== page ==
The next day we wanted to move on. We had our idea of what we'd do, and then we went down to discuss it with the hotel proprietor. He asked us a whole bunch of questions, and finally told us that he suggested a different plan - that we should go to a town called Ayder, and hire a guide and go for a hike, there.  He told us how to get a bus, there. First, take a small bus to the station, and from the station, take a big bus. We took another inexpensive dolmush - telling them where we were headed, and when they dropped us off on the street, they motioned to where we should go. We weren't quite clear, and asked some people at a nearby bus-stop, and they motioned to the same place. We went down to the place they'd motioned to, and realized that it was the building that housed the ticket offices of many bus companies. We kept stating our destination, and people steered us to one bus company. We went on a medium-sized bus (click on pictures to see the enlarged size):

This took us to a town that was still 17km away from our destination. The bus driver indicated that we should get out, take out all of our stuff, and wait. We were left at the edge of town. After about 5 minutes or so, he came back, came running out to us, and gave us part of the money we'd given him for the whole trip, and motioned that someone else would come to whom we should give the money. We trusted that someone would come and take us the rest of the way. Meanwhile, we took pictures of our surroundings. This is our "street corner" with all our stuff, and a sign that indicates the way to our destination, Ayder:

And this is what we had to look at:

Eventually, someone came running over to us, and indicated that we should get into another dolmush, with a load of hay on the top and a whole bunch of schoolgirls piled in, and a couple of older adults. We went on our way, and dropped schoolgirls off all along the way, in the mountains. The houses were similar to this, the roads, one lane, and carved into the steep mountain terrain (this was our dolmush, by the way - just looks like a van):

By this time, all the school girls were gone, and the driver helped another man remove all the hay from the roof. The Dolmush seemed to be the central life-blood of the surrounding mountains - ferrying school children, adults, and their stuff. The ride took us almost the entire day, but ended at the doorstep of our hotel.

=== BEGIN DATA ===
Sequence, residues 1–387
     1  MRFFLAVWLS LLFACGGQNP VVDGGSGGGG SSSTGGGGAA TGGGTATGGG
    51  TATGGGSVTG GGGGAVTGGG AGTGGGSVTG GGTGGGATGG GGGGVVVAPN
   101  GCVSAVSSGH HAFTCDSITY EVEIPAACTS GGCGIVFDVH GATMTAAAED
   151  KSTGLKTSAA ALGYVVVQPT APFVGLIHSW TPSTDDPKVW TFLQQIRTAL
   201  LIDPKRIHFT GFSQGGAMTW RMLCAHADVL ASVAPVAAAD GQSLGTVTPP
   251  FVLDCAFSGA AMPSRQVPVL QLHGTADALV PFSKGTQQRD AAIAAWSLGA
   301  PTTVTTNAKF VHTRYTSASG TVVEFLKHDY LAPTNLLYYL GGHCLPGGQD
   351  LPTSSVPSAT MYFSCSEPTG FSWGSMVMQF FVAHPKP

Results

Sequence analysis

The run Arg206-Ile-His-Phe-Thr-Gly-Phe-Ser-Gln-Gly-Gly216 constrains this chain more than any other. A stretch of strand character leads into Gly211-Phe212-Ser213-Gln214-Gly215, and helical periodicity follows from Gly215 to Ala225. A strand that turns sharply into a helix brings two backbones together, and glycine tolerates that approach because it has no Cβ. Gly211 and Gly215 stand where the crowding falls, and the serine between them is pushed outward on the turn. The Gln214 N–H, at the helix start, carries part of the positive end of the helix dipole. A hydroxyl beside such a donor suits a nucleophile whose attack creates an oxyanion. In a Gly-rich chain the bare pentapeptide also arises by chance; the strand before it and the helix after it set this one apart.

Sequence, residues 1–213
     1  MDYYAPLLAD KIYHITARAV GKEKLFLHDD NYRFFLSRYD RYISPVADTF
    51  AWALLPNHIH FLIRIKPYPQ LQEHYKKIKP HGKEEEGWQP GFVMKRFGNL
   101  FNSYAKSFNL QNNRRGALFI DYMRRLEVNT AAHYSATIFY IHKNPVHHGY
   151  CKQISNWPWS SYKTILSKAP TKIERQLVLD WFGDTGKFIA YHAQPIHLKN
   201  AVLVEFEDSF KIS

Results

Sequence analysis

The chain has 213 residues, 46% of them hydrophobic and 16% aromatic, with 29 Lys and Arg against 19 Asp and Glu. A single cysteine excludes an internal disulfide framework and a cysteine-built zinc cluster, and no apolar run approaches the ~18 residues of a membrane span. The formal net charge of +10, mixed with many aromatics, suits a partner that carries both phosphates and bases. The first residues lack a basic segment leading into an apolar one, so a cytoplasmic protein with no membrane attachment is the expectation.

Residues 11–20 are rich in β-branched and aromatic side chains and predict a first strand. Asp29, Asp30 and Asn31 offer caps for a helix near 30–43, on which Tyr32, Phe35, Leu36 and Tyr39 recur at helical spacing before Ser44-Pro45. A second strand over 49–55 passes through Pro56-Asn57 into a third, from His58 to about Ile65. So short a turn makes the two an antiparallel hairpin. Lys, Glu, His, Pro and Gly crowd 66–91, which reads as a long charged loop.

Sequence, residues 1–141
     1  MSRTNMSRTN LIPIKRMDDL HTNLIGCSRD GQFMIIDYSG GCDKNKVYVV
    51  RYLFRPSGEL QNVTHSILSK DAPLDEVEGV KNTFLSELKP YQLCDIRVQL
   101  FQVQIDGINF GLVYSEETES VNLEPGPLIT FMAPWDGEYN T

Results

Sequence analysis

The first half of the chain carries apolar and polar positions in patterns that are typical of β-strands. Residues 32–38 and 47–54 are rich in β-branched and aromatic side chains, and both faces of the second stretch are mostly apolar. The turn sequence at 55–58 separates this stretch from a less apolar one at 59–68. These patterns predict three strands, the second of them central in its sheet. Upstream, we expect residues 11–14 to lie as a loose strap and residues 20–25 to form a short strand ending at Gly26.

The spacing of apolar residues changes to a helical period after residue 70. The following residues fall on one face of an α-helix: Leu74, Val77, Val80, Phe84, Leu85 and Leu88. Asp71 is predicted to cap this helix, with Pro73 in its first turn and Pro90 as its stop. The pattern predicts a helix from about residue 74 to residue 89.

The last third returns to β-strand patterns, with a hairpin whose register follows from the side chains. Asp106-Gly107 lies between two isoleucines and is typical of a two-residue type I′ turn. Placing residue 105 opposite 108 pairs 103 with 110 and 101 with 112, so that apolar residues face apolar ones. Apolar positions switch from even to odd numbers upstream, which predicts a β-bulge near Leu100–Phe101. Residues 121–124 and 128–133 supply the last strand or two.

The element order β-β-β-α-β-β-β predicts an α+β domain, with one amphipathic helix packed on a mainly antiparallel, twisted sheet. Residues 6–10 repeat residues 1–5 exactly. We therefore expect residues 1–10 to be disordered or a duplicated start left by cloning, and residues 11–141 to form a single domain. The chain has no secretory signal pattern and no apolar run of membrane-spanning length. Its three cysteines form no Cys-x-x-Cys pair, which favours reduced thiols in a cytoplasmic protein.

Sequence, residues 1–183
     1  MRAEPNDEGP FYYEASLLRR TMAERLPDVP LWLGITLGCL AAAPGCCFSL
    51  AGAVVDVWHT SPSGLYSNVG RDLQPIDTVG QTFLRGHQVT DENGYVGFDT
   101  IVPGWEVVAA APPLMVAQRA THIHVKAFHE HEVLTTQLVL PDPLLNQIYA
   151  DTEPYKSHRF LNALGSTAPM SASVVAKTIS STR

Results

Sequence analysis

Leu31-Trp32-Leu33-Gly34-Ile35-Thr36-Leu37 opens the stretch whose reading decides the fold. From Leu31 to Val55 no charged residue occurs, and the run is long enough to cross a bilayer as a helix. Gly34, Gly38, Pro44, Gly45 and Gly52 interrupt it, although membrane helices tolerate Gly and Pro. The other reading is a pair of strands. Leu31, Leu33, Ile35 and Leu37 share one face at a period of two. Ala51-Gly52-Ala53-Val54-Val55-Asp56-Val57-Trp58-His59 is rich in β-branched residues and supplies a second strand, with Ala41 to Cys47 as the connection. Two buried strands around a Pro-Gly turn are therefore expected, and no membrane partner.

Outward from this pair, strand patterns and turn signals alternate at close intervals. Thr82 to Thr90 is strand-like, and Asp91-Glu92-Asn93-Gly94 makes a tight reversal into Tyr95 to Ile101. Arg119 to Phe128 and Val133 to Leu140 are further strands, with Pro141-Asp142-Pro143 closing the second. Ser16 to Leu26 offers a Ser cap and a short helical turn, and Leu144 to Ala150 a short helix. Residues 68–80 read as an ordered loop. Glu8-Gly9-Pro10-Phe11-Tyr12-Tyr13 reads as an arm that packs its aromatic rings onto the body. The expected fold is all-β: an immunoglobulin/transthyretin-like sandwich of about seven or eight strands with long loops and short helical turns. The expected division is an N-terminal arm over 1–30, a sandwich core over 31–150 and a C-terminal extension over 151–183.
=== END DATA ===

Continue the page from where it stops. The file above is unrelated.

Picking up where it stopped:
Getting out 2 days later, we took the same Dolmush, with the same driver. When he went to pick up all the school children, in a circuit in the mountains, they dropped us, and other adults, off at a building and motioned us to stay, but not to take our bags off of the dolmush, returning, later, minus the school children, and picked us up, again. When we got near the exit of the canyon, the driver called out "my friend!" and the name of one of the towns. We wanted to go in the other direction, but had assumed that we'd have to go back to the big town a bit in the wrong direction, but we yelled out the name of our destination. This enlivened the driver, he pulled out in the direction of the big city, but then stopped on the side of the road, and indicated that we should get out. We were puzzled - here? In the middle of nowhere? And he came running around to the side, and pointed across the 2 lane highway - a medium-sized bus!!!! Headed into the direction we wanted to go! The Dolmush driver repeated the name of an intermediate town, and then our destination. So few words. Such a lot of meaning. . . We went to another bus station, and to another bus.

Later in the trip, leaving the city of Van, in the very east of Turkey, we went on our first big bus. These buses were the size of a USA Greyhound bus, but without any toilets on them. We were given seat numbers. Getting out of Van - there were only 2 seats left, and they didn't offer them to us until we kept asking if there was ANY way to get on the 9am bus out of Van, and after I'd gone to all of the other bus companies in the area. The 2 seats left were not together, which is why it took so long for anyone to offer them to us. When they did, we took them without hesitation! They knew the sex of the passengers - and told me that I would be sitting next to a woman. This didn't strike me as odd until writing this. . .